CLIFFORD SCOTT GREEN, District Judge.
Plaintiff, James Gavin who is a Pennsylvania citizen and resident, has filed suit on theories of negligence and strict liability for personal injuries alleged to have resulted from the breach of a duty owed to him by defendant Read Corporation (hereinafter referred to as "Read"), and defendant Cleveland Machine Controls. Plaintiff alleges that both defendants are corporations "incorporated under the laws of a state other than Pennsylvania and have their principal place of business in states other than Pennsylvania." The Court is presently called upon to rule on Read's motion to dismiss pursuant to Rule 12(b)(1) of the Federal Rules of Civil Procedure. In support of its motion, Read, which is incorporated in the State of Delaware, avers that there is no complete diversity of citizenship as required by 28 U.S.C. § 1332, because it has its principal, and only place of business within Pennsylvania, the same state of which plaintiff is a citizen.
To satisfy the jurisdictional requisites of the federal court in a diversity suit, none of the plaintiffs can be a citizen of the same state as any of the defendants. Quaker State Dyeing & Finishing Co. v. ITT Terryphone Corp., 461 F.2d 1140 (3rd Cir. 1972); Mission Insurance Company v. Mackey, 340 F. Supp. 824 (W.D. Mo. 1971); Potter's Photographic Applications Co. v. Ealing Corporation, 292 F. Supp. 92 (E.D.N.Y. 1968). By virtue of the 1958 amendment to 28 U.S.C. § 1332, a corporation has dual citizenship of both its state of incorporation and its principal place of business. Where plaintiff is a citizen of the same state as the principal place of business of one of the defendant corporations, diversity jurisdiction does not exist. Wymard v. McCloskey & Co., 342 F.2d 495 (3rd Cir. 1965), cert. denied, 382 U.S. 823, 86 S. Ct. 52, 15 L. Ed. 2d 68 (1965); Taussig v. Wellington Fund, Inc., 187 F. Supp. 179 (D. Del. 1960); aff'd, 313 F.2d 472 (3rd Cir. 1963), cert. denied, 374 U.S. 806, 83 S. Ct. 1693, 10 L. Ed. 2d 1031 (1963). A party who seeks to establish jurisdiction, has the burden of proving all of the facts required to sustain it. Thomson v. Gaskill, 315 U.S. 442, 62 S. Ct. 673, 86 L. Ed. 951 (1942); McNutt v. General Motors Acceptance Corp., 298 U.S. 178, 56 S. Ct. 780, 80 L. Ed. 1135 (1935). Thus, plaintiff has to establish that Read did not have its principal place of business in Pennsylvania. See Hoffman v. Lenyo, 433 F.2d 657 (3rd Cir. 1970); Joyce v. Seigel, 429 F.2d 128 (3rd Cir. 1970); Siegel v. Slaney, 419 F.2d 176 (3rd Cir. 1969); Law v. Converse, 419 F.2d 38 (3rd Cir. 1969); McSparran v. Weist, 402 F.2d 867 (3rd Cir. 1968), cert. denied, 395 U.S. 903, 89 S. Ct. 1739, 23 L. Ed. 2d 217 (1969).
On February 19, 1968, the plaintiff was injured during the course of his employment allegedly as a result of an improperly manufactured and designed power roll. According to plaintiff, several years prior to the accident, Read had manufactured and sold the power roll to John Wood Company (third-party defendant), the employer of the plaintiff. Subsequently, on August 6, 1968, Read and Teledyne, Inc., a Delaware corporation, executed a contract (Plan and Agreement of Reorganization) whereby Read agreed to convey, transfer, assign and deliver to Teledyne ". . . all of the assets, properties, business and good will of Transferor of every kind and description . . ." After August 6, 1968, the only assets that were retained by Read consisted of the Agreement itself, the shares of Teledyne, Inc., which Read received and which it completely distributed to its shareholders and cash not in excess of $10,000 to pay the costs and expenses of carrying out the Agreement "including the subsequent dissolution and liquidation of transferor." For sometime after August 6, 1968, the entire activities of Read essentially consisted of one officer forwarding correspondence and preserving the books and records of Read. Since August 6, 1968, there have been no formal meetings of officers or directors in Pennsylvania.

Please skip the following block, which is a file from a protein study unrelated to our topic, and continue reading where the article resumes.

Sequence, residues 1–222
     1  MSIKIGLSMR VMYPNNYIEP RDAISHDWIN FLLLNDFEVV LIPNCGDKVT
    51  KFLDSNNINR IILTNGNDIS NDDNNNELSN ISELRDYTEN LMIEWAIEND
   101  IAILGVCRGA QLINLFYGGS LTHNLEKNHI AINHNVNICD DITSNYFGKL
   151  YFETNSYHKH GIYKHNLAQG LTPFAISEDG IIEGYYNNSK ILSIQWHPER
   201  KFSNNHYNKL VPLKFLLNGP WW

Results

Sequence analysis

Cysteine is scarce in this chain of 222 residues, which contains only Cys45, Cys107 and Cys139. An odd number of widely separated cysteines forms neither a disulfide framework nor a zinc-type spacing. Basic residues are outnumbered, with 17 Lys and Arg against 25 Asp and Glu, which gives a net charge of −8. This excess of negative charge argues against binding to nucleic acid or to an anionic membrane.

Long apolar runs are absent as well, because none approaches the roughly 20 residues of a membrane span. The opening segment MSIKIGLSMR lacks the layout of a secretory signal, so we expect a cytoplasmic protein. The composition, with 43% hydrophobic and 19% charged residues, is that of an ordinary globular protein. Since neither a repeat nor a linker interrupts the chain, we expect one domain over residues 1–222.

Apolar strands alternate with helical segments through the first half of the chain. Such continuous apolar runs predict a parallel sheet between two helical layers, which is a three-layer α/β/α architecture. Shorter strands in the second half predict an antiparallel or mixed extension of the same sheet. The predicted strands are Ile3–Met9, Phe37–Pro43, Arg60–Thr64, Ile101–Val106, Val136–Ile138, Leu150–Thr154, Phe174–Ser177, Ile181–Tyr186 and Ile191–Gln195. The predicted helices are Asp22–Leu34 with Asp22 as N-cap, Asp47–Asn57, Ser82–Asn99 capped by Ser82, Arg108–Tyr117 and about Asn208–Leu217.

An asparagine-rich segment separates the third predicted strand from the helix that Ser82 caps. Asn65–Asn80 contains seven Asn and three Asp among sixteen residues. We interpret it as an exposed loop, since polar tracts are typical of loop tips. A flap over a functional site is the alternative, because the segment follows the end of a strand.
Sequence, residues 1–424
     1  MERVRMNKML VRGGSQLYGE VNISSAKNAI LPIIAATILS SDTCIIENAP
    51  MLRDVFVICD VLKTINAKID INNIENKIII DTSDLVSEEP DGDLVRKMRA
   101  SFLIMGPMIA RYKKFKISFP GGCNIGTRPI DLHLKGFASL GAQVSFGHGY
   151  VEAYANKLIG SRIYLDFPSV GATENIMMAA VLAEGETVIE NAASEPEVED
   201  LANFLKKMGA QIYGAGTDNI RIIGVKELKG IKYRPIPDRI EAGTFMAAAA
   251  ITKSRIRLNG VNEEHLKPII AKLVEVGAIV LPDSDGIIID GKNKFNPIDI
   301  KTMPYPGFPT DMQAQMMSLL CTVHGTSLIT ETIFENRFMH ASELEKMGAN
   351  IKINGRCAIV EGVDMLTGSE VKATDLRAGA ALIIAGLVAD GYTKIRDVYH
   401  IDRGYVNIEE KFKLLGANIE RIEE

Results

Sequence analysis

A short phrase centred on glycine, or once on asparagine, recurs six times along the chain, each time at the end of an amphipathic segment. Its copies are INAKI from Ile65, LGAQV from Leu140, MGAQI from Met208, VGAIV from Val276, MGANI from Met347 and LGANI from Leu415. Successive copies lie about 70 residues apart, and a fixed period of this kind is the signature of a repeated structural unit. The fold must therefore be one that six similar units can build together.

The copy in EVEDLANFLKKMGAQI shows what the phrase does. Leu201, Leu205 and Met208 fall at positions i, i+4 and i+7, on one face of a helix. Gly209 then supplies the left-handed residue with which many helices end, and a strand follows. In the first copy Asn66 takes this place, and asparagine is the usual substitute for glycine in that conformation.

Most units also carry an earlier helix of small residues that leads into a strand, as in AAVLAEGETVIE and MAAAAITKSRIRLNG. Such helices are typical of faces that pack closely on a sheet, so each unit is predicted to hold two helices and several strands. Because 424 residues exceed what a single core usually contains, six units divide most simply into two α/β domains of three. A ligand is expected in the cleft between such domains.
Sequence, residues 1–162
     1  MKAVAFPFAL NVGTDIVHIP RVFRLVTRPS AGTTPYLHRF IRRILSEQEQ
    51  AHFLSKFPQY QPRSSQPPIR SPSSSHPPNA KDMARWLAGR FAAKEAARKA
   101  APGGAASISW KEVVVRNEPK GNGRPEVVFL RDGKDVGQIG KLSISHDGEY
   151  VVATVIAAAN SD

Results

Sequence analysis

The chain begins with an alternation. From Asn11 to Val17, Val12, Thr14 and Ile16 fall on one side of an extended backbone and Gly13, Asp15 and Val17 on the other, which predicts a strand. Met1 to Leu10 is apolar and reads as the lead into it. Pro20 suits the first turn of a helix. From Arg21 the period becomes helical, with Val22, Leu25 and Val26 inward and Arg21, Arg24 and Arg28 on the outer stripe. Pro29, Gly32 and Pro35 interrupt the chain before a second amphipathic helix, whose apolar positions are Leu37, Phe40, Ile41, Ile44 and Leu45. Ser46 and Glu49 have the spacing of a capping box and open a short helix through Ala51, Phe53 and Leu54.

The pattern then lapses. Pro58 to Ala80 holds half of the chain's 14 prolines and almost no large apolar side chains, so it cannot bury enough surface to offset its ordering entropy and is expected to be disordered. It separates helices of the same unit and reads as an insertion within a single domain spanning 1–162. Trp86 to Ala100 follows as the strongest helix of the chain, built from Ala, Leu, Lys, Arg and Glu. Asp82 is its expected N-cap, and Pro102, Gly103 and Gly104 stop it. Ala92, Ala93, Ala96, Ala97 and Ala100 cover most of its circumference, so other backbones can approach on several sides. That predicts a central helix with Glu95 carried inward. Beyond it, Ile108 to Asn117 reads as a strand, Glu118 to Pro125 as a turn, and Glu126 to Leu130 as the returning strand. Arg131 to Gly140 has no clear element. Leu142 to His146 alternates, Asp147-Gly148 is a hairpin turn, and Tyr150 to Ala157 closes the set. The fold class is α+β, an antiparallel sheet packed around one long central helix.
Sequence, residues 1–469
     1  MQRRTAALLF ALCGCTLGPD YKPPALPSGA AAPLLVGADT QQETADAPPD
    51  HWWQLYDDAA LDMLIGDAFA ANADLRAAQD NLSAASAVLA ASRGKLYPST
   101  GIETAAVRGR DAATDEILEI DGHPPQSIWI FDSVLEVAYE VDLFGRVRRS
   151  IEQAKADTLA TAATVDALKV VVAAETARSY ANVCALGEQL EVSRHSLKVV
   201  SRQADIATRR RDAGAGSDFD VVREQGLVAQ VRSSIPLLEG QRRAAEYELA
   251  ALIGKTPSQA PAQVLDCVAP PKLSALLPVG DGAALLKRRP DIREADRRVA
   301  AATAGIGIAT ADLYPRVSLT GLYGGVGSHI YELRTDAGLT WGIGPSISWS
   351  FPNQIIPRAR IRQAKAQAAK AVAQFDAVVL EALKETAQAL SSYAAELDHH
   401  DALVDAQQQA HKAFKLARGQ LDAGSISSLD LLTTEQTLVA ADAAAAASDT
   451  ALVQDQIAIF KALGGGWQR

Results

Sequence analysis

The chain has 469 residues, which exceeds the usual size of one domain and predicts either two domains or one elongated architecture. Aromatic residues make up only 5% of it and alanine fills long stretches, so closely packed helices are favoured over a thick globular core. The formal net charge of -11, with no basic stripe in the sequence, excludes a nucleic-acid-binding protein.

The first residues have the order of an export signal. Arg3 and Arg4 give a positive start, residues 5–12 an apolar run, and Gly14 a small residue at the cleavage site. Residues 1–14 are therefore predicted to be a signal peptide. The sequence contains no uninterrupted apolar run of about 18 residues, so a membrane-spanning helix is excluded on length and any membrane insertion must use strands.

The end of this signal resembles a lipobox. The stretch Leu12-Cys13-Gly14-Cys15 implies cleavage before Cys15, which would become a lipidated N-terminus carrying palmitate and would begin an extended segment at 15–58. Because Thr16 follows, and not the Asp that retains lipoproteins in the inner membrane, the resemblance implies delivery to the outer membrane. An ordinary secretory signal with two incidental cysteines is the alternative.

On January 14, 1970, plaintiff instituted this action. In an apparent attempt to counter Read's contention that it had its principal place of business in York, Pennsylvania, plaintiff initially alleged that as a result of the "Agreement" between Read and Teledyne, Inc., there had been either a merger or a de facto merger of the two corporations and that Teledyne, Inc., as the surviving corporation is the proper defendant, and is liable for the injuries due to the defects in the products manufactured by the extinguished corporation, Read, before the transfer of assets. However, plaintiff's present position as a result of recent discoveries, is that Read has never dissolved but is still in existence. This is not disputed by Read. Indeed, Read admits that "since August 6, 1968, it has remained a corporation incorporated and in good standing in Delaware."
In the fifth paragraph of its motion to dismiss, Read, declares that ". . . at all times relevant to this action [it] has had its principal place of business within Pennsylvania for the purposes of 28 U.S.C. § 1332(c)." (Emphasis ours.) Read urges that when only the events prior to the August 6, 1968 sale of assets are considered, its principal place of business was clearly York, Pennsylvania. Moreover, Read directs our attention to the fact that since that date its offices have remained there (in York, Pa.), and that as of October 28, 1971, it became a division of Vasco Metals, Inc., which is incorporated in Pennsylvania, and which has its only office at Latrobe, Pennsylvania. Read's assertions are of no consequence, since, as plaintiff correctly indicates, the significant date for the Court's consideration is January 14, 1970. Contrary to the mistaken position of Read, a party's citizenship is determined at the time the action is commenced and subsequent events cannot affect jurisdiction once it has attached. Gaines v. Dixie Carriers, Inc., 434 F.2d 52 (5th Cir. 1970); Television Reception Corp. v. Dunbar, 426 F.2d 174 (6th Cir. 1970); McNello v. John B. Kelly, Inc., 283 F.2d 96 (3rd Cir. 1960); Herpst v. S.B.I. Liquidating Corp., 279 F. Supp. 928 (E.D. Pa. 1968); Hamlin v. Holland, 256 F. Supp. 25 (E.D. Pa. 1966); Barron & Holtzoff (Wright ed.) Sec. 26, n. 91.